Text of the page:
Sunday 16th October: Conker Festival, 12 noon-3pm, Blackbirds Moor: Annual conker tournament for juniors and adults, have-a-go archery, pottery and circus skills workshops and local charity and community organisation stalls, petting farm and children's activity tent. Refreshments available, including drinks from local breweries and vineyards, teas & coffees, burgers, soup & bread. Free entry.
Saturday 10th December: Christmas in Hay Wood, 10am-1pm, The Old Barn, Westbrook Hay: Christmas themed crafts and activities. No need to book - just turn up. Suggested donation £2.50 per child.
Bird hide at Gadespring Cressbeds: alternate Tuesdays, 10.30am-2pm - Access to our bird hide overlooking the scrape is available every other Tuesday. Call 01442 253300 to check dates.
Tramper Loan: The Trust has an all-terrain mobility scooter for loan so that people (over the age of 14) who are less mobile can share in the pleasures that the Trust’s land can provide. The Tramper is a specially designed four wheel drive all-terrain electric buggy which can be used off road and even on rough ground, mud and grass. It enables people who have difficulty walking to experience the countryside, woodlands and nature reserves; and to accompany their friends and families when out walking. Users will be able to explore our ‘Orange Walk’ route, incorporating leafy Hay Wood with its shady pond, the boardwalk and the magnificent meadows with their views across the town.
If you would like to try out the Tramper, please ring the Trust on (01442) 253300. The scooter is available on Monday mornings (April to October) and must be pre booked via the office. (Other weekdays may be accommodated if Mondays are not convenient - please enquire). It is recommended that users are accompanied. Everyone will have an introductory session to its safe use and the controls with a member of the Trust’s team. More information will be provided to people making bookings.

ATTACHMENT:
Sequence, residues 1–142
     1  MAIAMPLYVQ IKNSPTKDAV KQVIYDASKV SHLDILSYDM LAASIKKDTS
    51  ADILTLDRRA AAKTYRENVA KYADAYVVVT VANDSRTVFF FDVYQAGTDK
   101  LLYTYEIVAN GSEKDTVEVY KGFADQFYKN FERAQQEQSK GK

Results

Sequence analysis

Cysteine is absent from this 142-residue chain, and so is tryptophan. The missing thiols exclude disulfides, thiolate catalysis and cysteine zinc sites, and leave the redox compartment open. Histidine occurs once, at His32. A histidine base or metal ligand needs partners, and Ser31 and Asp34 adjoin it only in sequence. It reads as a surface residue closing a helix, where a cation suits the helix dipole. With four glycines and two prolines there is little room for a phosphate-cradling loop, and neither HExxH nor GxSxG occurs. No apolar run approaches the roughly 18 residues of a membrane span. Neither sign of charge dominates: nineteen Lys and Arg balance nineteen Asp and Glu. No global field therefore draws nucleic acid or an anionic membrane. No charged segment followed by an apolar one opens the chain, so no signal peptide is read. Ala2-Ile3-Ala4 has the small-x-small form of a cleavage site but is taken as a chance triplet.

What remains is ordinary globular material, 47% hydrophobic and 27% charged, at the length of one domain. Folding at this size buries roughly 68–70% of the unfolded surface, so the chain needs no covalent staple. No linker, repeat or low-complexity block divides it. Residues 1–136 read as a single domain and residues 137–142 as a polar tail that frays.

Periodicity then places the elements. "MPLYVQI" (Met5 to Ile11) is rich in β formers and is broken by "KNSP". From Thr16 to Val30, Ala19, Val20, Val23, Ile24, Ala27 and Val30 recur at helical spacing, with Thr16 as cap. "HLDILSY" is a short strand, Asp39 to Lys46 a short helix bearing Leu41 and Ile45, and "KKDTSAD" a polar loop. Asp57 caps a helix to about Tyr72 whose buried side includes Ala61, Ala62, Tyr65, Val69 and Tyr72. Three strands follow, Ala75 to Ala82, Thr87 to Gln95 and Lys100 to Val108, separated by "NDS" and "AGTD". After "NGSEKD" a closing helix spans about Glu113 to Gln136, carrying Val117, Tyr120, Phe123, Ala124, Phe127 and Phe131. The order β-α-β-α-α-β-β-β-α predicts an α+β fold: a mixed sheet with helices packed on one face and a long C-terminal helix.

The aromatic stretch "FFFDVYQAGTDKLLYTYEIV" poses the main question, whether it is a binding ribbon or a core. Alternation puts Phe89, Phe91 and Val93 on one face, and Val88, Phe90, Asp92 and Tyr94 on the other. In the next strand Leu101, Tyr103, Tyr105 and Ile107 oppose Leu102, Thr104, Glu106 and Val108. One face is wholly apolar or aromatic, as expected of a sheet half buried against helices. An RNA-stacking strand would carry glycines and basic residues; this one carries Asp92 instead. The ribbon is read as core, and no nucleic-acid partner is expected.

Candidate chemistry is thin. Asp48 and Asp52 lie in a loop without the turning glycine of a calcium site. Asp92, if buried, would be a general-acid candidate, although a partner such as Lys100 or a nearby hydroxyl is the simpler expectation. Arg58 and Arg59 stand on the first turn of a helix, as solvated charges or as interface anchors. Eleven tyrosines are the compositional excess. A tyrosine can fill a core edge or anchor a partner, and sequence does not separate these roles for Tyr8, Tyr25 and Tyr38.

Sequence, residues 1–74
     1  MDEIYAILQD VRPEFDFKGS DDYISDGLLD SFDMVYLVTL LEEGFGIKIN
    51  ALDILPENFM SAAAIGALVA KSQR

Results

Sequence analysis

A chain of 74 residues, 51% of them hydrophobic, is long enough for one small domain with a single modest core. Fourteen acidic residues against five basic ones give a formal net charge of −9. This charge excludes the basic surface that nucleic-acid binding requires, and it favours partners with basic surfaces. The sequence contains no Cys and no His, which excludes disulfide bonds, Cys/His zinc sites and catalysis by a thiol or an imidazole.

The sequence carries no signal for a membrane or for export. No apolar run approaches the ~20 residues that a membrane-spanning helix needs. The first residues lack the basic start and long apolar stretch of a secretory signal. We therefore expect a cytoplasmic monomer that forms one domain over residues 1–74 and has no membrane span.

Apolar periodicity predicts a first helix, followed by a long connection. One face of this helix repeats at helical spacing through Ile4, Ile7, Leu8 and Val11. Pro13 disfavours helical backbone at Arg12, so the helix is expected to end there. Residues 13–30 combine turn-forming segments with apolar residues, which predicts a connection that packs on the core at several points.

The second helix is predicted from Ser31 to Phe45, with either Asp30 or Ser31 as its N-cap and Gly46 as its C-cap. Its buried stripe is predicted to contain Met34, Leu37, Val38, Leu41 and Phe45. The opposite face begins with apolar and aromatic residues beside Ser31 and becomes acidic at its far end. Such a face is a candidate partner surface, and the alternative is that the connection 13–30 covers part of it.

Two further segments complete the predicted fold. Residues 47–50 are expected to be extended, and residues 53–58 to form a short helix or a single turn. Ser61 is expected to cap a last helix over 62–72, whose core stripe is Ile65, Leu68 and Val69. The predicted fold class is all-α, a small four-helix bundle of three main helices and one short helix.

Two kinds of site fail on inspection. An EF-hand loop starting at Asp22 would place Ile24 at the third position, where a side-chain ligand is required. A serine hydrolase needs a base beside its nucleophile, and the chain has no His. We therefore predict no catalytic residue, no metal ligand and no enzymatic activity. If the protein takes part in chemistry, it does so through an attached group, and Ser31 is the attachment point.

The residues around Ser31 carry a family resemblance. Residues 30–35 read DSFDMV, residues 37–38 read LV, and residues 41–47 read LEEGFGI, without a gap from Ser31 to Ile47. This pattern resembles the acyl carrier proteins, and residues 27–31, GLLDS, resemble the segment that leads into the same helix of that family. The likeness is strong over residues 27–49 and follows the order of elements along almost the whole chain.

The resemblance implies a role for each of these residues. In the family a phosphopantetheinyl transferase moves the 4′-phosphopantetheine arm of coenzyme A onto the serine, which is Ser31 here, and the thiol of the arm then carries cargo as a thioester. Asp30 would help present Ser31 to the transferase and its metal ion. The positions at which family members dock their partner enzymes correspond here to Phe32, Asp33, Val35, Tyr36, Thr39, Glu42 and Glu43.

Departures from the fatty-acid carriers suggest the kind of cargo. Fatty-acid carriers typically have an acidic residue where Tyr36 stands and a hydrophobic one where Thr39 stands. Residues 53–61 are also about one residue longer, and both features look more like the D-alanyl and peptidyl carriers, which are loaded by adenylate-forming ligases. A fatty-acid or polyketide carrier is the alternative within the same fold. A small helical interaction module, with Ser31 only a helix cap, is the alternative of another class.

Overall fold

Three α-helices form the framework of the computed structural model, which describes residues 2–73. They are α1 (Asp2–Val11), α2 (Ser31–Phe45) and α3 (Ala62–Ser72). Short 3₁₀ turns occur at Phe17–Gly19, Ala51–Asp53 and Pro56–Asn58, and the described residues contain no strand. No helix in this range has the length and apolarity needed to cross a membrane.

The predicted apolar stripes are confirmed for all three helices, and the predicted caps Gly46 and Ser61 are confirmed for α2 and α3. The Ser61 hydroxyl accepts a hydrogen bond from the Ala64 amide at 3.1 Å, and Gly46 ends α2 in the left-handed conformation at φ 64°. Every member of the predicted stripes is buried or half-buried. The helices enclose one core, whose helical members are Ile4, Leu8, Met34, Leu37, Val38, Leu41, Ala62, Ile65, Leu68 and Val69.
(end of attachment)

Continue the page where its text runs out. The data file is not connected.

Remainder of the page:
You will no doubt have seen the work we have been doing to trees on the Moors in recent weeks to deal with safety and disease issues. The next stage of this work will start shortly on the trees between the railway bridge and Bourne End along London Road. You will have seen the poor condition of many Horse Chestnut trees, due principally to a bacterial infection called Phytophthora (Bleeding Canker). Early indications of infection can be splits in the bark (with associated sticky black exudate). The younger trees appear to be the most vulnerable, which is very sad, but eventually removal becomes the only solution.